Steven Spielberg's 'West Side Story' sees critics and paying audiences part ways

Full disclosure: I despise Steven Spielberg movies and dislike both Romeo and Juliet and the 1961 West Side Story (WSS) movie.  For that reason, I take particular delight in noting that Steven Spielberg's remake of WSS may have enthralled critics, but no one is rushing to see it.  And no wonder, given that it's so darn woke that parts of it are in a language most Americans don't speak, but Spielberg refused to include subtitles.

Let me quickly get through my biases.  I hate Steven Spielberg movies because I find them overblown, predictable, and incredibly boring.  I also dislike the way he presents children.  I gather from watching bios of him that he was an unpleasant little boy, and so are his characters.  Some say they're realistic; I say they're too disagreeable to be trapped with for a movie's duration.

I dislike Romeo and Juliet because it's hard to imagine two more nincompoopish young people.  At every opportunity, they take the stupid, thoughtless path.  There's nothing romantic about that.  The only thing that makes sense to me is the contention that Shakespeare didn't write the play as a romance; he wrote it as a cautionary tale holding that impulsive young people should never be trusted to manage their romances and marriages.  Unfortunately, Shakespeare's writing was so transcendent that people loved the romance and ignored the message.

And I dislike WSS because the primitive pop psychology of 1950s leftists leaves me cold, and the movie was horribly miscast, with every lead character, except Rita Moreno, being embarrassingly bad.  I also dislike Marni Nixon's voice (she dubbed Natalie Wood's singing).  The opening Jets ballet is kind of fun in a '50s style, but everything else...meh.

You may disagree with me and probably will.  My answer is that nobody will ever accuse me of following the crowd.

The above gets me to Spielberg's new WSS, which is an amalgam of everything I dislike most, especially Spielberg himself.  Add to this mix the fact that Tony Kushner — the hard-left playwright who worked with Spielberg on Munich, a pro-Palestinian movie — doctored the script to play up the woke angle.

Image: Steven Spielberg (edited in befunky).  YouTube screen grab.

John Nolte, who likes the original WSS, explains just how awful the remake is:

Spielberg openly sought to appease the most out-of-touch and fascist members of our society — left-wing racial activists. In this case, he sought them out in the crybaby, Puerto Rican activist community. This is a terrible idea, most especially for an artist. Racial activists in no way reflect what everyday Americans think or feel or want, and this includes Puerto Rican Americans.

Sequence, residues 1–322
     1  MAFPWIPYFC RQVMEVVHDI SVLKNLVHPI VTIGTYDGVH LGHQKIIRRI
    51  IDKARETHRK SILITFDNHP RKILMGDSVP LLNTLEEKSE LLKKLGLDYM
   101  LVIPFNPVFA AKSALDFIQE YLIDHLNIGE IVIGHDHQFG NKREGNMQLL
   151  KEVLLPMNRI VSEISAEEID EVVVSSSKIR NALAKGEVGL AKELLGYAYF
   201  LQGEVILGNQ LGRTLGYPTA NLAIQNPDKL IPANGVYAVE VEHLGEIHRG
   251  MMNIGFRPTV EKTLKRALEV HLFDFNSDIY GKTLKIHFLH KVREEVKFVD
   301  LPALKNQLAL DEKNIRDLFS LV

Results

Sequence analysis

Spielberg's racial patronizing was so pathetic, he decided to punish and exclude anyone who's not bilingual by not including subtitles in scenes where everyone speaks Spanish.

"If I subtitled the Spanish I'd simply be doubling down on the English and giving English the power over the Spanish," the virtue-signaling Spielberg squeaked from his gerbil cage.

What does that even mean?!?!

I'll tell you what it means… It means his West Side Story remake is more homework than entertaining.

Nolte quotes from an NBC article about the re-education portion of the movie (emphasis from Nolte):

In the new movie, Spielberg and screenwriter Tony Kushner work to correct the original musical and movie's stereotypical depictionsadding more specificity and historical context around the Puerto Rican experience, and around the issues of racism and racial hostility.

Such animosity first becomes evident when the Jets vandalize a mural of the Puerto Rican flag with a quotation from Pedro Albizu Campos, the leading figure of the Puerto Rican independence movement. The quote reads, "la patria es valor y sacrificio," Spanish for "the homeland is value and sacrifice."

"Once you see that and you notice that the flag is the light blue flag, which is the original color of the Puerto Rican flag" before the U.S. colonized Puerto Rico in 1898 after the Spanish-American War."

Well, I feel appropriately politically indoctrinated now...

The good news is that, despite movie critics (most of whom are leftists) raving about the movie, the public isn't buying.  Nolte writes that, while Spielberg's WSS cost $100 million to make, the movie barely broke $10 million on its debut weekend.  Deadline tries to explain away the numbers by crying "COVID," but Nolte points out that everyone knew about COVID going in but still expected better of the movie.  Hollywood misread America.

To all of which I say, "Heh and bwahaha."

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